You may not give much thought to how you brush your teeth, beyond putting some toothpaste on your brush and giving them a bit of a scrub. But, how you brush your teeth matters a great deal. How often you brush, how long you brush, the kind of technique and the toothbrush you use all impact on the effectiveness of your brushing.

 

Which Toothbrush Should I Use?

Soft-bristled toothbrushes with a small head and a flexible neck are the most effective in removing plaque and food from your teeth, without damaging your teeth and gums.

If you use an electric powered toothbrush, try using a small round head, with soft bristles. For electric toothbrushes we recommend Oral B.

 

How Should I Brush my Teeth?

Starting at the back, position the toothbrush at a 45° angle, positioning the bristles at the margin where the gum and your teeth meet. Brush gently in a circular motion. Don’t brush too hard and avoid scrubbing from side to side. This is because scrubbing too hard, particularly in a side to side motion can cause damage to the tooth enamel and can cause your gums to recede over a period of time.

Take care to clean every surface of each tooth including the chewing surfaces. Also make sure you tip the toothbrush so you can reach the inner areas of the teeth, top and bottom, which are often missed.

If you use an electric powered toothbrush, position the toothbrush at the same 45° angle and where the gum and teeth meet. The big advantage of electric toothbrushes is their oscillating-rotating heads supply all the movement for you. All you need to do is simply guide the brush slowly from tooth to tooth, stopping for a few seconds on each one. Do this for every surface for each tooth.

And don’t forget to brush your tongue. It may seem strange at first but brushing your tongue reduces the bacteria in your mouth and helps your breath stay fresh. All you need to do is push the bristles on the tongue and gently brush forward.

When you have finished brushing, try to spit out the toothpaste and don’t rinse with water. Leaving some toothpaste on your teeth gives your teeth some extra ongoing protection.

 

How Long Should I Brush my Teeth for?

It’s all in the timing – you should brush for at least two minutes.

 

How Often Should I Brush?

At least twice daily. Brush in the morning and at night before bed.

 

When to Replace your Toothbrush?

Replacing your brush should take place when the bristles start to spread apart, or every three months, whichever comes first.

 

Am I Pressing too Hard?

It is a common mistake for people to think that pressing harder on your teeth cleans them better. The fact is, too much pressure and ‘scrubbing’ can damage your gums and tooth enamel.  A good indicator is if the bristles on your toothbrush are wearing out quickly and well before the three month mark.

 

Brush or Floss First?

It is recommended to floss first before brushing. By doing so, you remove plaque and debris from between your teeth. These surfaces then become accessible to clean when you brush.
Although it is not critical which order, the important thing is that you do both.

 

Call for a chat if you would like to learn more: (07) 3839 7279

 

 

DentalHealthWeek_2017_BrisbaneDentist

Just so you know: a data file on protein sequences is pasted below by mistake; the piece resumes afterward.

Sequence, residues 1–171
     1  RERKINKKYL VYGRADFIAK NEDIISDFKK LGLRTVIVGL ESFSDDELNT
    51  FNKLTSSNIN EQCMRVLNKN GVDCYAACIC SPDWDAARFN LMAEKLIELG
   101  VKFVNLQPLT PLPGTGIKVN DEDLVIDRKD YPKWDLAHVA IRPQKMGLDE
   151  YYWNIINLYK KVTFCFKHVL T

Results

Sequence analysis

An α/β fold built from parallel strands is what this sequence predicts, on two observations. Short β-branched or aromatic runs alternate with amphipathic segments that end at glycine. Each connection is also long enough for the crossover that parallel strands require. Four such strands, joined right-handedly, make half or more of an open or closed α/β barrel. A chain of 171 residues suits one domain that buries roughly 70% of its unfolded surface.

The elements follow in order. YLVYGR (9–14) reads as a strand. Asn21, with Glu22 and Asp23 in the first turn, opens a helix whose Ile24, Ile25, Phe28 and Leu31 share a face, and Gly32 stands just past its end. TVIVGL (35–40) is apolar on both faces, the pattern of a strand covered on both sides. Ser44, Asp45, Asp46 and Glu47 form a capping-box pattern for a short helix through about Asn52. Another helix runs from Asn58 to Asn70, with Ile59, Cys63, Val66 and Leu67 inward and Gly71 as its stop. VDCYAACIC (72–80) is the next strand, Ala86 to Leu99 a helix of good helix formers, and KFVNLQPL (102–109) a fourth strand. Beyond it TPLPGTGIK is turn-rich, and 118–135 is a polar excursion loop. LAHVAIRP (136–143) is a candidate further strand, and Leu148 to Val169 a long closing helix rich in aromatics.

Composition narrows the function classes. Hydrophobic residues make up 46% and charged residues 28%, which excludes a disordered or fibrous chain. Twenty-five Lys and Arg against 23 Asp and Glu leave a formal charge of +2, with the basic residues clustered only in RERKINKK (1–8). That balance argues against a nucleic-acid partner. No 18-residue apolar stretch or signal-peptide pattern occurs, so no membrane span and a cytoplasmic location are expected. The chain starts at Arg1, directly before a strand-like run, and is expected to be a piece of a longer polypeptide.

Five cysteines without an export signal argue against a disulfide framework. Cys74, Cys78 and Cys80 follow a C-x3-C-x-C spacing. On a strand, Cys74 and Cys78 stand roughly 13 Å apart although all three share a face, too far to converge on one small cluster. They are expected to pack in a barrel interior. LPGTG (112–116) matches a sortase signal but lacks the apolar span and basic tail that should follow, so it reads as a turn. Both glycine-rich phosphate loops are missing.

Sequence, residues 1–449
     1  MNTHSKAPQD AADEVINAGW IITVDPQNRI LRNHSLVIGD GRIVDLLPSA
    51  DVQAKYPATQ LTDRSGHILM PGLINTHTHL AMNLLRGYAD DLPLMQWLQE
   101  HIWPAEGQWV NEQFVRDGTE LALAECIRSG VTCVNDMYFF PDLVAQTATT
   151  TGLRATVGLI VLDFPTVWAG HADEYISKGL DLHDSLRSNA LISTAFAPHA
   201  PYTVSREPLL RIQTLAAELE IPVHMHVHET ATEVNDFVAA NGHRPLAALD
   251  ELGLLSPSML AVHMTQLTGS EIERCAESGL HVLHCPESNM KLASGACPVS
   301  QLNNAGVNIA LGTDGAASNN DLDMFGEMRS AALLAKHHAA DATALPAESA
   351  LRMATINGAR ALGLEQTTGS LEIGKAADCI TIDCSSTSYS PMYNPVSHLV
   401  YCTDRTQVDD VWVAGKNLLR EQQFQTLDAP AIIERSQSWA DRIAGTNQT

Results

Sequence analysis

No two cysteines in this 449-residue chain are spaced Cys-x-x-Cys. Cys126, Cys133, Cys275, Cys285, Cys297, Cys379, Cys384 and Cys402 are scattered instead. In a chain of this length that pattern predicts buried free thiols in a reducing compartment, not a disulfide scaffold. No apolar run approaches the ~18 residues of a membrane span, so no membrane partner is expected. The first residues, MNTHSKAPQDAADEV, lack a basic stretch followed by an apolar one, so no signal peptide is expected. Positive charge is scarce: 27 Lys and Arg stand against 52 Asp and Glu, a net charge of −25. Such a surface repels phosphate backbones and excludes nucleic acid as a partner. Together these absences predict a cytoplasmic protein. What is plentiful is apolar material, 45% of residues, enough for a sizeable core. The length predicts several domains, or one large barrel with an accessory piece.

ORAL HYGIENE HACKS FOR BUSY PEOPLE – DENTAL HEALTH WEEK 2017

This year, the theme for the Australian Dental Association (ADA) Dental Health week is Oral Health for Busy Lives. Dental Health Week acts as a reminder to Australians about the importance of oral health and how easy it can be to incorporate healthy habits into our busy daily lives.

Four Oral Hygiene Hacks for Busy People:

  1. Brushing
    There are no shortcuts when it comes to brushing – Twice daily for two minutes.
    It is important to brush for a total of 2 minutes at least two times per day to keep your teeth clean and healthy. Many patients find it more convenient and easier to brush using an electric toothbrush. They do most of the work for you and can also be programmed to run for two minutes, taking the guesswork out of brushing.
  2. Flossing
    A common excuse for not flossing maybe ‘It’s too time consuming’ or ‘I don’t have enough time’.
    Does this sound like you? Flossing doesn’t have to be a chore.  Flossettes or floss handles can be a helpful alternative for flossing between your teeth. And for wider spaces in between teeth we suggest using an interdental brush. It is best to floss and then brush, otherwise you may not bother following up with the flossing as your teeth already feel clean after brushing.  How often should you floss ? You should floss at least once per day. Floss cleans the spaces in between your teeth where your toothbrush can’t reach.
  3. Diet
    When on the go, busy people tend to snack on sugary foods, but the frequent exposure to sugar increases the risk of dental caries – cavities. Cheese, nuts, seeds, fruit, vegetables, eggs and dry biscuits are good snack alternatives. Also, don’t forget to read the ingredients list on food products as you may be surprised how many “on the go” food options contain hidden sugars.
    Many people are also unaware of the amount of sugar  in fruit juices, flavoured milks and soft drinks. Water is certainly the much healthier, inexpensive and better option.
  4. Regular Dentist Check-ups
    Taking the time and effort to visit your dentist regularly and addressing your oral health can lead to great success in achieving or maintaining healthy teeth. Discussing the various options of home cleaning including flossing and brushing best suited to you and your busy lifestyle can help improve plaque control, reduce gum inflammation and bleeding.   The benefit of a decreased risk of caries and periodontal disease, can actually save you time in the long run.

 

Dental Health Week is occurring this week all over Australia and at our Brisbane Dentist here in Spring hill we welcome any questions you may have.  Is it time to sort out your oral health and bring back that great smile and fresh breath?

 

Click Here to Book an appointment online today or call us on (07) 3839 7279